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Why Management Innovation is So Hard

by Gary Hamel on July 20, 2010


gary-hamel's picture

Why Management Innovation is So Hard

Bold innovations often take time. That’s why progress must be judged both in relation to the starting point as well as the final destination. For example, in America’s space program, the first successful docking of two orbiting spacecraft, the Gemini VIII capsule and the unmanned Agena target vehicle, took place on March 16, 1966. While this was an important milestone, it was still just an intermediate step in the long journey to land a human being on the moon. While the commander of Gemini VIII, Neil Armstrong, would ultimately walk on the moon, that wouldn’t happen until 1969.

In my experience, fundamental management innovation is also a multi-stage, multi-year process. This is true for several reasons. First, in a company that has been around for a while, it’s impossible to start from scratch and hazardous to move too quickly. Innovators in a decades-old company don’t have a clean sheet of paper. Moreover, they have to make sure that the business keeps running while they’re developing and testing their new management practices. That’s why the transformation at HCL is still a work in progress, and needs to be judged as such.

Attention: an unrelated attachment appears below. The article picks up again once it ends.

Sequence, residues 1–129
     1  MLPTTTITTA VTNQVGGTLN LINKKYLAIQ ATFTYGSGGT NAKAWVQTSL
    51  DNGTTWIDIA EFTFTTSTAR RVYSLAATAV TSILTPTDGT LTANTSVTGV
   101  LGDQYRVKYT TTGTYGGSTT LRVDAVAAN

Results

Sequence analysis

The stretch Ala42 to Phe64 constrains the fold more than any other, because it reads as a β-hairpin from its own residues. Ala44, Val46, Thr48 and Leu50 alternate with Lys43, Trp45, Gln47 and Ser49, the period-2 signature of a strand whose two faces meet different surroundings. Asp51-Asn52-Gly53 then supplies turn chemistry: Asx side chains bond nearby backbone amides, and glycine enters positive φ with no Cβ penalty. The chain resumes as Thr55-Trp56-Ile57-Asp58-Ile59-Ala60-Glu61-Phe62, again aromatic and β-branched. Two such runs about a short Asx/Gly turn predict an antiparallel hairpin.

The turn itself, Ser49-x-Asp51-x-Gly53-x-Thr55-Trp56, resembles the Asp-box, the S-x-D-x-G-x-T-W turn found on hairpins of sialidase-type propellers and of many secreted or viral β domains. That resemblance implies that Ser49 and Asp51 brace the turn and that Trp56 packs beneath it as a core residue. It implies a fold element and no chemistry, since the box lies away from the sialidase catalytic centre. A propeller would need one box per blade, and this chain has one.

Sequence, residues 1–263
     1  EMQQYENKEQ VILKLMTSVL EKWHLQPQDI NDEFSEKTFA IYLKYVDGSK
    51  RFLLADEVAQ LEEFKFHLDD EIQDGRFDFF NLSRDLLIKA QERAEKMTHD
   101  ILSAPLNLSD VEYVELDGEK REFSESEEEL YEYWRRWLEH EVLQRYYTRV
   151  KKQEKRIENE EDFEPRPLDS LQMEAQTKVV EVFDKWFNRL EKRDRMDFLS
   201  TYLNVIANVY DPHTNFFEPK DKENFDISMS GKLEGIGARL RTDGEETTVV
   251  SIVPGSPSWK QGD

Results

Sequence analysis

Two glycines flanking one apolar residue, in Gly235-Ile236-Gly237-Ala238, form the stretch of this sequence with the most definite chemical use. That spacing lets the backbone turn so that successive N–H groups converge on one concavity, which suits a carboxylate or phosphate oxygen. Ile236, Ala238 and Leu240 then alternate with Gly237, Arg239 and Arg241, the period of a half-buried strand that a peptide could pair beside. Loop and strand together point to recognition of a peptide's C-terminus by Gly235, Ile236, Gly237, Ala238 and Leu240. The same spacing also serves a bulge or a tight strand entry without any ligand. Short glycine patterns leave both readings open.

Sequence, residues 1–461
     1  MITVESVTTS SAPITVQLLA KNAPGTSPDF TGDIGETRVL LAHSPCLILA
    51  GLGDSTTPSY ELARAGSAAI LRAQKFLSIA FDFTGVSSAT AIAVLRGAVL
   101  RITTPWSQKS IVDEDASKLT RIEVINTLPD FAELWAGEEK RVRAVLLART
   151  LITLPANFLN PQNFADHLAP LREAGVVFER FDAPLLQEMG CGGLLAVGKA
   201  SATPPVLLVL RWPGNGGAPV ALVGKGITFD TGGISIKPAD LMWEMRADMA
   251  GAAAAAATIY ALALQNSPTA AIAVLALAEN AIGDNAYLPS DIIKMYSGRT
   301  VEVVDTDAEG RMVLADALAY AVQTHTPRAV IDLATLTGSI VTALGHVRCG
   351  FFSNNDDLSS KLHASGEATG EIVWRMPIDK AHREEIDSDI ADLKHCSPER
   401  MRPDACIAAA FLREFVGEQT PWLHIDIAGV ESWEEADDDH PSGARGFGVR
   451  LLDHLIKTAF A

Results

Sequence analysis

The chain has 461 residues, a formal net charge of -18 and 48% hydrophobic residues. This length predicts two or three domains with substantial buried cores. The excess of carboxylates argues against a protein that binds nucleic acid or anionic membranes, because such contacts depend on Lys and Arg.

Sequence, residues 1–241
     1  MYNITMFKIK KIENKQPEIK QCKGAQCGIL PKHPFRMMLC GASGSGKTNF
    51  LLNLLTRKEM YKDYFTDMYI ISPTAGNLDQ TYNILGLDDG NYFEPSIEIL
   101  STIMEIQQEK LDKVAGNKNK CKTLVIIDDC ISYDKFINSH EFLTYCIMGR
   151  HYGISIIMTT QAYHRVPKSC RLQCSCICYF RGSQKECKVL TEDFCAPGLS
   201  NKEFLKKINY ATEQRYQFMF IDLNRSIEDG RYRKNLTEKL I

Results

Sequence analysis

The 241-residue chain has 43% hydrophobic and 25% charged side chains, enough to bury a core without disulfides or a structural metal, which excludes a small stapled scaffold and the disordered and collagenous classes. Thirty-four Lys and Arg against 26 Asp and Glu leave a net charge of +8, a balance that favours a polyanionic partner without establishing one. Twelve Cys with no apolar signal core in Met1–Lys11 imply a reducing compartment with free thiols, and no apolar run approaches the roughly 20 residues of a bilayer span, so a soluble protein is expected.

Second, radically-minded management innovators don’t have the benefit of a roadmap. If you want to do a six-sigma rollout, you can buy a manual; but if you want to invert the pyramid, for example, you’ll have to venture off the well-trod path of management orthodoxy. When you’re tramping through unexplored terrain you’ll occasionally get stuck in the mud—and no one should be surprised when this happens. It often takes several iterations before a bold, new policy initiative actually produces the hoped-for results.

And finally, we’re talking about human beings and not widgets. On any given day some of us will be selfish, grumpy, egotistical or mendacious. And in every organization there are a few people who are most of these things most of the time. There will always be jerks, but in an organization that has committed itself to becoming more transparent and less hierarchical, there should be fewer of them over time.